Why Teaching In My Students’ Homes Really Did NOT Work For Me.
There are so many options when it comes to deciding where to teach. Should you rent a space at a music store, church, or office building? Maybe you could teach at a local school or at your own home. Each option has pros and cons, individual to the teacher and the intended student base. It took me a few years to find what worked for me.
When I first started teaching, I was so desperate for students that I would do anything to gain just one more student. I also shared my apartment with five roommates so teaching at home wasn’t a great option. I had no extra money to rent a teaching space. That severely limited my choices. I decided to be a traveling violin teacher (or a teaching troubadour.) At first, I was nervous about traveling to a student’s home for each lesson, but I found a lot of hidden pitfalls that hadn’t even crossed my mind beforehand!
1. Alone Time in the Car
I spent a lot of time alone in the car in between lessons. This was actually when I started my love affair with NPR (which has made me a much better conversationalist!) This time was even more stressful when a lesson would go late and I had to drive, umm…, expeditiously to get to the next lesson in time. My stress and discomfort were compounded because my car had no air conditioning. My 4-60 Coolant System (four windows down, 60 mph) did amazing things for my hair.
2. Double Duty
Occasionally I had to play dual roles when I taught at my students’ homes, violin teacher and babysitter. The parent would say, “I just have to run to the post office, and since you’re here…” This was even more exciting when they asked me to just “keep an eye” on their two year old as well. I really find that I don’t do my best teaching when I’m multitasking…disciplining and violin! Yikes.
3. Distracted Parents
On a related note, I never had a parent watch a lesson when I was at their home. That means that if they actually wanted to know what was going on in lessons, they talked to me after, turning a 30 minute lesson into 35-40 minutes. Then I would have to hurry to the next lesson (and as I mentioned before, I don’t enjoy being in a rush while driving.) Those extra 5-10 minutes? That really adds up.
Usually, I didn’t see the parent at all. This meant that no one was helping the child practice (or even reminding them to practice at all.) Because they weren’t practicing, I taught essentially the same lesson and over and over. Repeating myself lesson after lesson is frustrating for the student and the teacher.
4. Who’s Got the Power?
When I teach in my own home, my students behave differently. Because it’s a place they aren’t as familiar with, they usually are more respectful towards their teacher and their teacher’s belongings. When I taught at my student’s house, it seemed more like I was a friend coming to play, or someone hired to spend time with them. They got to tell me things like, “Well it’s my house so…,” or “the rules at my house are…” Obviously, I want my students to be as comfortable as possible with me, but treating me with respect is essential.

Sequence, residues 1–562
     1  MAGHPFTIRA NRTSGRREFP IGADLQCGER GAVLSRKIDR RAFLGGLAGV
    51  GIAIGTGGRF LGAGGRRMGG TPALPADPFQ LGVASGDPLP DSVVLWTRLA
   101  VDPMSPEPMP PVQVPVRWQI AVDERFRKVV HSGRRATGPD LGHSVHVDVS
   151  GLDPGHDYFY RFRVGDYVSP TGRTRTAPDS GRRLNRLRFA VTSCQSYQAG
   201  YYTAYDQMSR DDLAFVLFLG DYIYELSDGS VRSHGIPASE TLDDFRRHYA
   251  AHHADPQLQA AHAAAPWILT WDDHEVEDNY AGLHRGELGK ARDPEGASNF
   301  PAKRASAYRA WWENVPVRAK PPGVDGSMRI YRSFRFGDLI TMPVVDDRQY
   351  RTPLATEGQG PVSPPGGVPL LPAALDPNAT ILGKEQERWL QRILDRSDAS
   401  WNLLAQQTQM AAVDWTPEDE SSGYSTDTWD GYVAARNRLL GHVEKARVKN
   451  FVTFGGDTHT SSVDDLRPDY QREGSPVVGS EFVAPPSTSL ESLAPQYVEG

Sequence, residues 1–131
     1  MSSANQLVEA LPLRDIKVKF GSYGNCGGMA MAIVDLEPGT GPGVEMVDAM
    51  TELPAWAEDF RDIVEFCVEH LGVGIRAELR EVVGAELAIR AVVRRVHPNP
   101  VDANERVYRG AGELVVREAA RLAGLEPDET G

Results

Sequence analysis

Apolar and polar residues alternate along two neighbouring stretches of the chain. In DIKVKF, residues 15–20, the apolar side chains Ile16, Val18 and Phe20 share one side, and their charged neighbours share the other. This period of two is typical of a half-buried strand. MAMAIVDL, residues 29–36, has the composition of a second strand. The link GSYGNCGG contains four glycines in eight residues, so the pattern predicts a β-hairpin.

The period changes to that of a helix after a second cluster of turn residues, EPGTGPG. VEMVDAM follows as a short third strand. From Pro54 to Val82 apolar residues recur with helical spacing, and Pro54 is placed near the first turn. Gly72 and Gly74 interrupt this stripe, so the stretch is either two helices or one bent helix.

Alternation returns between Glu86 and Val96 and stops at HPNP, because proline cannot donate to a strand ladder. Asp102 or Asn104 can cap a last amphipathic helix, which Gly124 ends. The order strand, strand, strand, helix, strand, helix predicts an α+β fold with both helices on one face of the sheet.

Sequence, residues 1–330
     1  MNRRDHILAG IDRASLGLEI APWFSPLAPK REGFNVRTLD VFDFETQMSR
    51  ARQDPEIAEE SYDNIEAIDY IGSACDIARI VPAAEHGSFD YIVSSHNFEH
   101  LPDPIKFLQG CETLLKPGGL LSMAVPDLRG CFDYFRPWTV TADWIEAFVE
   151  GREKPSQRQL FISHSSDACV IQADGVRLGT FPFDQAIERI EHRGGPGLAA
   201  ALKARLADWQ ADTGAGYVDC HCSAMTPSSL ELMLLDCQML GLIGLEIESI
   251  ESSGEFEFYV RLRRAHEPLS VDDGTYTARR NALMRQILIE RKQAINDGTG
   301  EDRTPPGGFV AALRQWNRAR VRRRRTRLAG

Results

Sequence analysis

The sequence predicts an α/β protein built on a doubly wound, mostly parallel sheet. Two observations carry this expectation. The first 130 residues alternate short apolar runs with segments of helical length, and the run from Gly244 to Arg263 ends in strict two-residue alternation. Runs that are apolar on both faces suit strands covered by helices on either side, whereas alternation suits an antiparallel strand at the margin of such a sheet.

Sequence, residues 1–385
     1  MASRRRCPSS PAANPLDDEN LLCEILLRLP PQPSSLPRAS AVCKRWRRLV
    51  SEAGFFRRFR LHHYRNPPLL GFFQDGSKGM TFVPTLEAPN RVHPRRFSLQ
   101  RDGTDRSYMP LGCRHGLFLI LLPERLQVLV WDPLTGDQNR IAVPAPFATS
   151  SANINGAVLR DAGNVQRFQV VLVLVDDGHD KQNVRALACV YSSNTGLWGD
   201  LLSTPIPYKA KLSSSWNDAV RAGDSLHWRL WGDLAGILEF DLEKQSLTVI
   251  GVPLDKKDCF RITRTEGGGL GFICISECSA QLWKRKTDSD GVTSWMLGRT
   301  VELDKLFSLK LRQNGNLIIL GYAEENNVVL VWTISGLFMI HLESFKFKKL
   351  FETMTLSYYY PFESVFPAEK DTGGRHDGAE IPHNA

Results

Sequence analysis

5. Forgotten Schedule
Because the parents didn’t have to plan around the lesson (didn’t have to collect music, get the kids in the car, etc.) it was harder for them to remember violin lessons during the week. Occasionally, (sometimes as often as once a month or more) I would arrive at their house, knock on the door, wait in front for ten minutes, call repeatedly, and get nothing. On these days, I spent all my time driving, and didn’t get to teach at all.
When this student would then complain about me billing them for this lesson, I would cave and make no money for spending my time driving and sitting and waiting. Not only was I not teaching, I wasted my own gas money and had less money for groceries.
6. Fewer Students
I would much rather teach than drive around town. When I taught at my students’ homes, my studio growth was limited. I couldn’t teach any more students because I had to schedule 30 minute for travel between each lesson.
7. Too Much Stuff
Carrying all my teaching material from house to car, car to house, and house to car became really taxing. I often forgot items I needed. It is so much easier to stay organized and teach efficiently when you have all of your teaching materials on hand and always in the same place.
When I finally decided that I preferred (much, much, much preferred) to teach somewhere other than a student’s home, I missed those students. These were terrible circumstances. The parents were friendly, the students were sweet. I really think that if they had been coming to me it would have been a great teaching relationship (Or at least some of them would have been). After trial and error, I’ve found that I feel like more of a professional (and am treated more professionally) when my students are on my turf. It was much easier to enforce policies for payment, parent attendance, lesson cancelations, and respect when I taught at a school or at my home.
Do you teach at your students’ homes? How have you resolved some of the issues I mentioned above? Do you feel like the atmosphere affects your teaching and your student’s behavior?
- 5 Mistakes I Made as a New Violin Teacher
- Are You a Strict Teacher or a Nice Teacher
- Do You Need a College Degree to be a High-Quality Violin Teacher?
- The Plucky Violin Teacher Book Club
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